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This is a general review of NOPD policies on the use of force.  The Department should be providing use of force training and nothing contained herein should be considered to supplant any information provided in official training.  In fact, if anyone notes something in this article which is contrary to what is being taught in training, please let me know.

Chapter 1.3, titled Use of Force, will be effective on August 9, 2015 and will replace Policy/Procedure 300.

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Summary of 5th Circuit ECW Cases #FOP #FOPNO #FOPLegal

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In Louisiana, qualified immunity in any civil rights case brought under 42 USC § 1983 is decided based on analysis under Graham v. Connor, 490 U.S. 386 (1989) and whether or not the law was clearly established. Whether the law is clearly established is generally based on decisions on the U.S. Supreme Court and the local Circuit cases. Louisiana is in the Fifth Circuit. A summary of Fifth Circuit cases regarding the use of ECW in dart mode follows. Officer should pay particular attention to the cases marked RESTRICTIVE.

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Use of Force – Part 1 #FOP #FOPNO #NOPD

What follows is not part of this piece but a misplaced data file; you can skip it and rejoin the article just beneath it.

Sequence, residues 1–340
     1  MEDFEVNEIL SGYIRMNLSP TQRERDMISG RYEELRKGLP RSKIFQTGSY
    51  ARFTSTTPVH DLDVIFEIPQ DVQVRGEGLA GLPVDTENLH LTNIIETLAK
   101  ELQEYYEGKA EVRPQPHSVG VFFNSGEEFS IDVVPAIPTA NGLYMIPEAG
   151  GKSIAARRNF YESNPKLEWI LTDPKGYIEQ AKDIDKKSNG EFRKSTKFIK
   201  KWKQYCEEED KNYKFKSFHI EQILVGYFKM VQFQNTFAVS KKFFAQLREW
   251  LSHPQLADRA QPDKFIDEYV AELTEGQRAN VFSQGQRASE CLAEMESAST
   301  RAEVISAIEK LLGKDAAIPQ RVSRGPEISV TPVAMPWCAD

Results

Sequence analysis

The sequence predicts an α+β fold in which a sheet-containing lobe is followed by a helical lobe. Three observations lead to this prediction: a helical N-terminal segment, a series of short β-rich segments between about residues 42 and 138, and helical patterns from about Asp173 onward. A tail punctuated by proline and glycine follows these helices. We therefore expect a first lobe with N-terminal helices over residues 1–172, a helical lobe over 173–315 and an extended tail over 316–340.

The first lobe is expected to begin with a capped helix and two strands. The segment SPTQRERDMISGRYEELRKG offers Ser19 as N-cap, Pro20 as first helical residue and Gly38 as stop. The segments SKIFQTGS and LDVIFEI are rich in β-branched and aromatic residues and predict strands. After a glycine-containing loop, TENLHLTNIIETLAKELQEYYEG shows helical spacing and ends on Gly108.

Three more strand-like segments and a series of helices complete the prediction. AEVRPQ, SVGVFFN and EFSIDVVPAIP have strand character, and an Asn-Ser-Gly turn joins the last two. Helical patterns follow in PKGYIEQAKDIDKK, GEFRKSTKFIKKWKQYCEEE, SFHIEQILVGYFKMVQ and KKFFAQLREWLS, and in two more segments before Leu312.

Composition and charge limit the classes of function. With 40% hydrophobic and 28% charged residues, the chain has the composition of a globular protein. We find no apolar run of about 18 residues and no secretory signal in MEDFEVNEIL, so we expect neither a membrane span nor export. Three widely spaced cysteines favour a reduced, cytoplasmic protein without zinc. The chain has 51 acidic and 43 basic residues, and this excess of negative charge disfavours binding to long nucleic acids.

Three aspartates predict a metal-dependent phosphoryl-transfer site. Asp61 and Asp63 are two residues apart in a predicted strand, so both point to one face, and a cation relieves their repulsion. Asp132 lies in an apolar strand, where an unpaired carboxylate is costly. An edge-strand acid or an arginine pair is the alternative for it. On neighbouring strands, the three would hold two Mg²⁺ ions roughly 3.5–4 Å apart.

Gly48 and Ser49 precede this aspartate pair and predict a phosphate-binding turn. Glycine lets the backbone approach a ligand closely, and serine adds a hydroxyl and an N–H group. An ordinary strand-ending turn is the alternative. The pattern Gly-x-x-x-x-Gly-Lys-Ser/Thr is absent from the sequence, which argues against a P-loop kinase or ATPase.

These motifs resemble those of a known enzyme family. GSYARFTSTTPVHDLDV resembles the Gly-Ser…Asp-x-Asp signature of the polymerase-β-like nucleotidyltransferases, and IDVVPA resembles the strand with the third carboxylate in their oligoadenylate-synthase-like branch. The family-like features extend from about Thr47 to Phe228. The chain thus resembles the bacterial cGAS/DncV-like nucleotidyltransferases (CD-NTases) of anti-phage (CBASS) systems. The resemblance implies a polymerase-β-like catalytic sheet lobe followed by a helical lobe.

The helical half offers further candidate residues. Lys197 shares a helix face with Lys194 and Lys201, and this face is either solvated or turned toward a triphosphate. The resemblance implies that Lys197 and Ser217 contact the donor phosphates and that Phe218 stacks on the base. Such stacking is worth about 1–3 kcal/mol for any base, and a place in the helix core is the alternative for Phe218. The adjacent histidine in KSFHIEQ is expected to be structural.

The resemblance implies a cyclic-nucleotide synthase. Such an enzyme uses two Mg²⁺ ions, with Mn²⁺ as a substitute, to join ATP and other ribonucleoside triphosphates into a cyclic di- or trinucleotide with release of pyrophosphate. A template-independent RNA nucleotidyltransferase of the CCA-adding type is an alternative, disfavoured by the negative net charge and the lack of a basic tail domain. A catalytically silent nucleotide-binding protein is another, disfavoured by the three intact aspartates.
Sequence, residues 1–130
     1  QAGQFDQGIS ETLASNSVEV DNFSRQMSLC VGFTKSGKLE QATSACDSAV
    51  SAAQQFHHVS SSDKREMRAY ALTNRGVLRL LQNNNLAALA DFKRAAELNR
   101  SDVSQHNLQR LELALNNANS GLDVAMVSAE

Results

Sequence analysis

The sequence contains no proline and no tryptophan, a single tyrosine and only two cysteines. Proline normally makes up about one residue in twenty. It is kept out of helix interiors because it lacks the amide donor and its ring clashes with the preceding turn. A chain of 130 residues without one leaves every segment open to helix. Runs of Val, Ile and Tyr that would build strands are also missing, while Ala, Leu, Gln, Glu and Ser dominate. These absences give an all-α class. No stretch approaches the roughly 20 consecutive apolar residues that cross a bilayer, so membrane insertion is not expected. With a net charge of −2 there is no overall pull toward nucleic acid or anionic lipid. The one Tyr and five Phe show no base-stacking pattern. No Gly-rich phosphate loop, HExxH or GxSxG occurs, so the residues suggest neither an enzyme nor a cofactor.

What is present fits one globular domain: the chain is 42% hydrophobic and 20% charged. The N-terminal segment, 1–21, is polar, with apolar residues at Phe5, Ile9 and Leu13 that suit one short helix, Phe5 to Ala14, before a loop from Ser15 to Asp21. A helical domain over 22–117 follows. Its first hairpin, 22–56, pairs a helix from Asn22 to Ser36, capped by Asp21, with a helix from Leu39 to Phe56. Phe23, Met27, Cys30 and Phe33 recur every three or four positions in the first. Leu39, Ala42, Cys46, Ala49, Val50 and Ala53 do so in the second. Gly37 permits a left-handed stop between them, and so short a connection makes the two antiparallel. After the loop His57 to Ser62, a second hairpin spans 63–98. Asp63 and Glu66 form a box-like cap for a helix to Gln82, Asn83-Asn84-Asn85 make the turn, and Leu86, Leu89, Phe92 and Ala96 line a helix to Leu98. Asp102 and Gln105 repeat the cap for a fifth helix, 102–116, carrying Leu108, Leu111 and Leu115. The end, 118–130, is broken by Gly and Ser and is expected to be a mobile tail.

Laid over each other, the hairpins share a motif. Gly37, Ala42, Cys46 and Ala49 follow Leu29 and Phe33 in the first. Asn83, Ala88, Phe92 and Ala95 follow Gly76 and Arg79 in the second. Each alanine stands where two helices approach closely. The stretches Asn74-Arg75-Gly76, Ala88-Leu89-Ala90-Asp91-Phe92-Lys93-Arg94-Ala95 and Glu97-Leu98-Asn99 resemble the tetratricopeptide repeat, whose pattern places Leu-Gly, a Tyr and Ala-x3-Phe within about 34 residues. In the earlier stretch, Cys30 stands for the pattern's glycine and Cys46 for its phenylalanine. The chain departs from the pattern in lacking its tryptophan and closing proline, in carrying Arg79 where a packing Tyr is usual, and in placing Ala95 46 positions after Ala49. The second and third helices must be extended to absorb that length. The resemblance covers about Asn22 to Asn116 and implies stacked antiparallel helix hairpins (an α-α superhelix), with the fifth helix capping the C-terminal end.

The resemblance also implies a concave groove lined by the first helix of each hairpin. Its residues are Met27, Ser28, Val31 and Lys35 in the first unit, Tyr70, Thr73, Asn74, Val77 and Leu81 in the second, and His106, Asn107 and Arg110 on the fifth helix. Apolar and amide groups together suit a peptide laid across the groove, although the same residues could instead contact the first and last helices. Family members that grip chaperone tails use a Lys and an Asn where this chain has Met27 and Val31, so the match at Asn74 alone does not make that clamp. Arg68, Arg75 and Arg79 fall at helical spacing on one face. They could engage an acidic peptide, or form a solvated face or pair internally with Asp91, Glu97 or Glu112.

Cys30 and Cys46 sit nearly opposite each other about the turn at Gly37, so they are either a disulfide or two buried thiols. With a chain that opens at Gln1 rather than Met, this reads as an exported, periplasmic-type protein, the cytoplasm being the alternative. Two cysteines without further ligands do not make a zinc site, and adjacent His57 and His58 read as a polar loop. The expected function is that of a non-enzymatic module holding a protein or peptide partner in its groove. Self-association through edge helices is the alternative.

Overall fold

20130618-201545.jpgMy intention here is to post a number of articles all related to Use of Force.  I am going to begin with a recap of the U.S. Supreme Court decision in Graham v. Connor, 490 U.S. 396 (1989).  I will review some Louisiana legislation as it relates to all citizens and law enforcement.  I will be discussing the AELE Use of Force Reporting Guide, which you can access by clicking here.  You should keep a copy of the Use of Force Reporting Guide handy.  You can also pull up a copy of the Use of Force Reporting Guide using the FOP CCL2 mobile app.  Once that is covered, I will move on to some more specific info as it relates to the policies and procedures of the New Orleans Police Department.  If you, the dedicated reader, would like to see something specific along the way, feel free to bring it to my attention.